A few days before Aquino’s State of the Nation Address (SONA), Migrante International accompanied families of overseas Filipino workers (OFWs) in distress in a picket-protest at the Department of Foreign Affairs (DFA) to demand assistance and to protest government neglect.
Families of OFWs in jail, OFW victims of human trafficking in Jordan and OFWs who died under mysterious circumstances called on the DFA to provide urgent assistance for the cases of their loved ones.
OFWs in jail
Since Aquino took office, Migrante International has handled at least 258 new cases of OFWs in jail. Most of the detained OFWs are in the Middle East – in Malaz, Dammam Central, Dammam Reformatory, Al Hair, Iranian, Tuqbah, Briman and Kuwait Central jails. Of these, 36 in Malaz and Dammam Central jails are still incarcerated despite having already finished their jail terms. Only 58 have been released and repatriated back to the Philippines. Majority were jailed due to alcohol- and drug-related offenses, theft, “immorality”, absconding and work-related cases. A handful was arrested for arson, embezzlement and murder.
“The common occurrence is they get arrested and undergo investigation by the police without any representation or legal assistance from the PH embassy. Dahil sa kawalan ng agarang aksyon, hindi na dumadaan sa due process ang mga akusasyon sa kanila at dinederecho na sila agad sa kulungan,” said Garry Martinez, Migrante International chairperson.
Martinez said that it usually takes three to six months before a hearing. During this whole period, the OFW remains in jail. “Ang problema, marami sa kanila ay hindi man lang naaaninag ang mukha ng mga taga-Embada.” He said that almost all of the cases they are presently handling were referred by family members here in the Philippines after their jailed relatives abroad found a way to contact them. “Hindi man lang embassy o DFA ang nagpaabot sa kanila ng sitwasyon ng mga kamag-anak nila. Most of the time, when we go to the DFA, they are clueless about the cases of these jailed OFWs,” he said.
According to government records, there at least 7,000 OFWs in jails abroad.
Cases of OFWs’ mysterious deaths have also mounted. “Under Aquino, 15 more unresolved cases of OFWs who died under mysterious circumstances were brought to us. All of their cases suggest foul play. When their remains were repatriated, there were also indications of organ trafficking,” Martinez said.
He cited the case of OFW Terril Atienza. “When Atienza’s remains were flown back to the country last December 9, her heart was missing. Her whole body was bruised, beaten and burnt. Autopsy conducted by the National Bureau of Investigation (NBI) Medico-Legal Division further revealed that her other internal organs were ‘sectioned with missing portions’. A rag was extracted from inside her body.” He added, “The DFA, OWWA or POEA had no records of her working in Singapore or Mongolia, virtually exonerating her local agency here in the Philippines and their counterpart in Singapore of any accountability.”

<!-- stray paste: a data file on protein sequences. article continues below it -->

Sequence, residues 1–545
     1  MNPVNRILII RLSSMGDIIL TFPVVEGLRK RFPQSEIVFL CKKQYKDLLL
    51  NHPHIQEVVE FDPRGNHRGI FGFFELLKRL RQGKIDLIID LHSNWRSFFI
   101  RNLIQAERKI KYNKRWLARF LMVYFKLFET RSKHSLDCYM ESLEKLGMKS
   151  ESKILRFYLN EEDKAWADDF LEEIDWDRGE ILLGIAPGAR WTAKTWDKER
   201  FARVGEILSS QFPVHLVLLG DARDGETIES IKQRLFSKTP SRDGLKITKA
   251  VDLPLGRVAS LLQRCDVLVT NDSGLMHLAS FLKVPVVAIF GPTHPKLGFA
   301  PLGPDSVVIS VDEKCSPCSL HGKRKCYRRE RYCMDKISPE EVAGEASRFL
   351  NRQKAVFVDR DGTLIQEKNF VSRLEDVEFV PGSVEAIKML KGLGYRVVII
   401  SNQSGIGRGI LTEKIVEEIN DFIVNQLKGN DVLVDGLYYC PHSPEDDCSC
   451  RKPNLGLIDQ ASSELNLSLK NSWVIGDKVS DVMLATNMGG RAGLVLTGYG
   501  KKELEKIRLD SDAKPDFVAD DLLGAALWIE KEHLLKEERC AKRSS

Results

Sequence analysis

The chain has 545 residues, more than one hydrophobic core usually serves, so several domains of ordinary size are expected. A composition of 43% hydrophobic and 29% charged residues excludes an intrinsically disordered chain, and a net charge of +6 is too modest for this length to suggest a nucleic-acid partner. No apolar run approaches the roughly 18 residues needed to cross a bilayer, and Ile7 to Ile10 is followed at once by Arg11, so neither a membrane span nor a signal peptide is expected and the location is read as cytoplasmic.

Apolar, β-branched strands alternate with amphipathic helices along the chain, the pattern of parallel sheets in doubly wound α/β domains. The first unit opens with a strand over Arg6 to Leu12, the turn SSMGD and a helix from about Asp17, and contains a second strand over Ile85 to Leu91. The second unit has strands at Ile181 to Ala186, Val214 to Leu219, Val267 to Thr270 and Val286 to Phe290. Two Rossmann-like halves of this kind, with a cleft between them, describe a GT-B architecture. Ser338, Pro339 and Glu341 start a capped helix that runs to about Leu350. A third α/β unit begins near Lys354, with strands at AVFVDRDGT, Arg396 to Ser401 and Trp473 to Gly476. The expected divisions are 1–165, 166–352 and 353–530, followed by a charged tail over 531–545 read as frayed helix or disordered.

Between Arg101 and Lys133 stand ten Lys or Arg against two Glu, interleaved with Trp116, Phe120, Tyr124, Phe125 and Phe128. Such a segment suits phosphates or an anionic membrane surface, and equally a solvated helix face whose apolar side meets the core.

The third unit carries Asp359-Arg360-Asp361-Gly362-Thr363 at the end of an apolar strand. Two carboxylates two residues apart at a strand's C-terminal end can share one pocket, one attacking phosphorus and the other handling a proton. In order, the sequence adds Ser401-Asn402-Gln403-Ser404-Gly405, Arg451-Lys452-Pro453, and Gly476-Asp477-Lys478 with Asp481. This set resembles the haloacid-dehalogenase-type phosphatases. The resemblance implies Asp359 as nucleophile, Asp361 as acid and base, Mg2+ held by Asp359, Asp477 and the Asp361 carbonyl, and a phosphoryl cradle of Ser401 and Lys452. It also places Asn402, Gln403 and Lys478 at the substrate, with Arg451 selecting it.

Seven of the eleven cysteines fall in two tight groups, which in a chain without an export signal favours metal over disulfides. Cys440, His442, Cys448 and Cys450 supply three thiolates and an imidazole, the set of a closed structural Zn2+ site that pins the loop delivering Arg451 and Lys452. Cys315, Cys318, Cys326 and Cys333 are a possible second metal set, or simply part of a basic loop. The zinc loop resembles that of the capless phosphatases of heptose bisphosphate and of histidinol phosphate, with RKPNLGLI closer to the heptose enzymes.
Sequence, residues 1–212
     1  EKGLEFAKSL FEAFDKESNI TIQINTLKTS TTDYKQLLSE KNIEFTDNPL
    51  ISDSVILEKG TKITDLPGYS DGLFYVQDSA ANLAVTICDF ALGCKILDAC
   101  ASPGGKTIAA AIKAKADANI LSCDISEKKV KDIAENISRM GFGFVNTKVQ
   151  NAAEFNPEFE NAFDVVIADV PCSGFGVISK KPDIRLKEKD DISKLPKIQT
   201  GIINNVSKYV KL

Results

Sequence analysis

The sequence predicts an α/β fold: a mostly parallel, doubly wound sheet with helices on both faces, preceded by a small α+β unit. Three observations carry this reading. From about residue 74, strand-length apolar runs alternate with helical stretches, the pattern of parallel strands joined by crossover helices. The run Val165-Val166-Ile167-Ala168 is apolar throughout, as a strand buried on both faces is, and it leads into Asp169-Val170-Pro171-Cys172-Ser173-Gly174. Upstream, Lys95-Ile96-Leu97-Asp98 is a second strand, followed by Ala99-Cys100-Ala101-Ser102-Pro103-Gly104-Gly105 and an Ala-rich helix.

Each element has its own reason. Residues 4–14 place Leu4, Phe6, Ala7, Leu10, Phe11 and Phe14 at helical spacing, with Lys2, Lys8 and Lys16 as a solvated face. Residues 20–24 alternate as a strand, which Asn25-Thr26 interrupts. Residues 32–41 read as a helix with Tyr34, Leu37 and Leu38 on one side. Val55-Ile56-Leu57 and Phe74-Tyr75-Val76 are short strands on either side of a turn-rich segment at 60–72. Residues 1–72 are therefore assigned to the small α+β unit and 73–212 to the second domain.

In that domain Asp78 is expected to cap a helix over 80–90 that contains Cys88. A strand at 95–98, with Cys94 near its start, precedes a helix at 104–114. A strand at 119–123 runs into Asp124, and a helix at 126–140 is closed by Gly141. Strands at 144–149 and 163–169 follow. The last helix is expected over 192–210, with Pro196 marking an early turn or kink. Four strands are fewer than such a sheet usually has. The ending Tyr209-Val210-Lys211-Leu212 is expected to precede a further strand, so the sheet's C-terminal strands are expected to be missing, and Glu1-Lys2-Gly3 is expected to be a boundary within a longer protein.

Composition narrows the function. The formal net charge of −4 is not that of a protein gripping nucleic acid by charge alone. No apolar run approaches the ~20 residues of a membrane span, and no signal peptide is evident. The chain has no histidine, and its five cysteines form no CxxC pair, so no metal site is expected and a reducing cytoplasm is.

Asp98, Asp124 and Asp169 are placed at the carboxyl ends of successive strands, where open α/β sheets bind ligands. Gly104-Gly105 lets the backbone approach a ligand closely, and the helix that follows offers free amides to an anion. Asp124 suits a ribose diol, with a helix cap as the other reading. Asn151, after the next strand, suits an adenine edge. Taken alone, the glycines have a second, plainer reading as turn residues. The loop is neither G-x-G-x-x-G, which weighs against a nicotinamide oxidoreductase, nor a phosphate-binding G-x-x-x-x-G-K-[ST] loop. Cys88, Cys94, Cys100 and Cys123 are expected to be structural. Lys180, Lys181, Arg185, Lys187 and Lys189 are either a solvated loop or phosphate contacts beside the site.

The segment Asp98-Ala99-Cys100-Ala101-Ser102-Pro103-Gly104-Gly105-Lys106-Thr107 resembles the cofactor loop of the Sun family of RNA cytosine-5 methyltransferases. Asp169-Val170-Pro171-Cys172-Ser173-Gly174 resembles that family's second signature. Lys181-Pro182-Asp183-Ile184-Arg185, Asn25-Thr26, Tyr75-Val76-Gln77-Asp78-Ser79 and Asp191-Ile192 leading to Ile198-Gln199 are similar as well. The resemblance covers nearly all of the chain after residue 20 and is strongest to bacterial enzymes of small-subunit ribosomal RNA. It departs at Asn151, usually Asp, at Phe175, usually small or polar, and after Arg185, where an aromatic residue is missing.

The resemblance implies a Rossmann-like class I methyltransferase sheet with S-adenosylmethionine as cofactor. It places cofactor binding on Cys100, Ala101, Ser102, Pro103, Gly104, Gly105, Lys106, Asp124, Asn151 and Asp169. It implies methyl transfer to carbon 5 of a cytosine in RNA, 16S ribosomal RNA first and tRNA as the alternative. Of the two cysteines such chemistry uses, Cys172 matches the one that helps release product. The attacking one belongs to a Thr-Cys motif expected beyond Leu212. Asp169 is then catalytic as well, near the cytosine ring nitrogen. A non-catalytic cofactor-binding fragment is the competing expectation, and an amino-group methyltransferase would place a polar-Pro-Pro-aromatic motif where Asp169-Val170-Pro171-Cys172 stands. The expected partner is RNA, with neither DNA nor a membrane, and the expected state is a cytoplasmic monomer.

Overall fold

“There needs to be an active intervention and clamor for justice from our government officials. We call on the DFA and the Philippine Consulate in Mongolia to actively and aggressively intervene on behalf of the victims’ families,” he said.
In Jordan, some 200 OFWs are still stranded at the POLO-OWWA shelter. The Philippine government imposed a deployment ban on Jordan in 2008 because of many cases of abuse and maltreatment of OFWs there. However, most of the stranded OFWs in the shelter arrived in Jordan 2010 onwards.
According to the workers, they are being asked to pay “overstaying” fees and their ticket fares by the POLO-OWWA. They have no means to pay because they are “runaways”, having escaped their employers due to unpaid wages and physical abuse. Some have resorted to borrowing or begging for alms to raise funds. Philippine Overseas Labor Office (POLO) case officers in Jordan have allegedly told them that they could not help “since they have all become undocumented”.
“Of course they are undocumented, they were trafficked in Jordan despite the ban. The question now is how were they able to enter the country when a ban was in place?” said Martinez.
Some of the stranded OFWs have already left the shelter to seek work. “Ang gobyerno mismo ang nagtulak sa kanila sa mga human traffickers. Because of the PH post’s inaction, some have been forced to succumb to the lure of trafficking agents in Jordan in search for work,” he said.
Most of the OFWs have been in the POLO-OWWA for several months, while some have been stranded there for years. In 2010, DFA-OUMWA Executive Director Ricardo Endaya promised to provide tickets for the OFWs’ repatriation but two years have passed and this had not yet materialized. OFWs who were able to return home from Jordan were able to do so because they raised the funds themselves.
“What the government should have done was to pinpoint, pursue and punish human traffickers of OFWs to Jordan. Mas inuna pa nila ang pagpapa-lift ng ban,” Martinez said.
Moreover, the migrant leader said that the Aquino administration had done nothing to address the roots of human trafficking and forced migration.
“Justice for the victims will not be realized unless the government takes drastic action against the recruiters, and most especially their coddlers in government. And ultimately, the Philippine government will not be able to put a stop to human trafficking until it decisively addresses the root causes of forced migration that make our workers more desperate and vulnerable to trafficking syndicates.”
The families of OFWs will march with Migrante International on July 23, People’s SONA. ###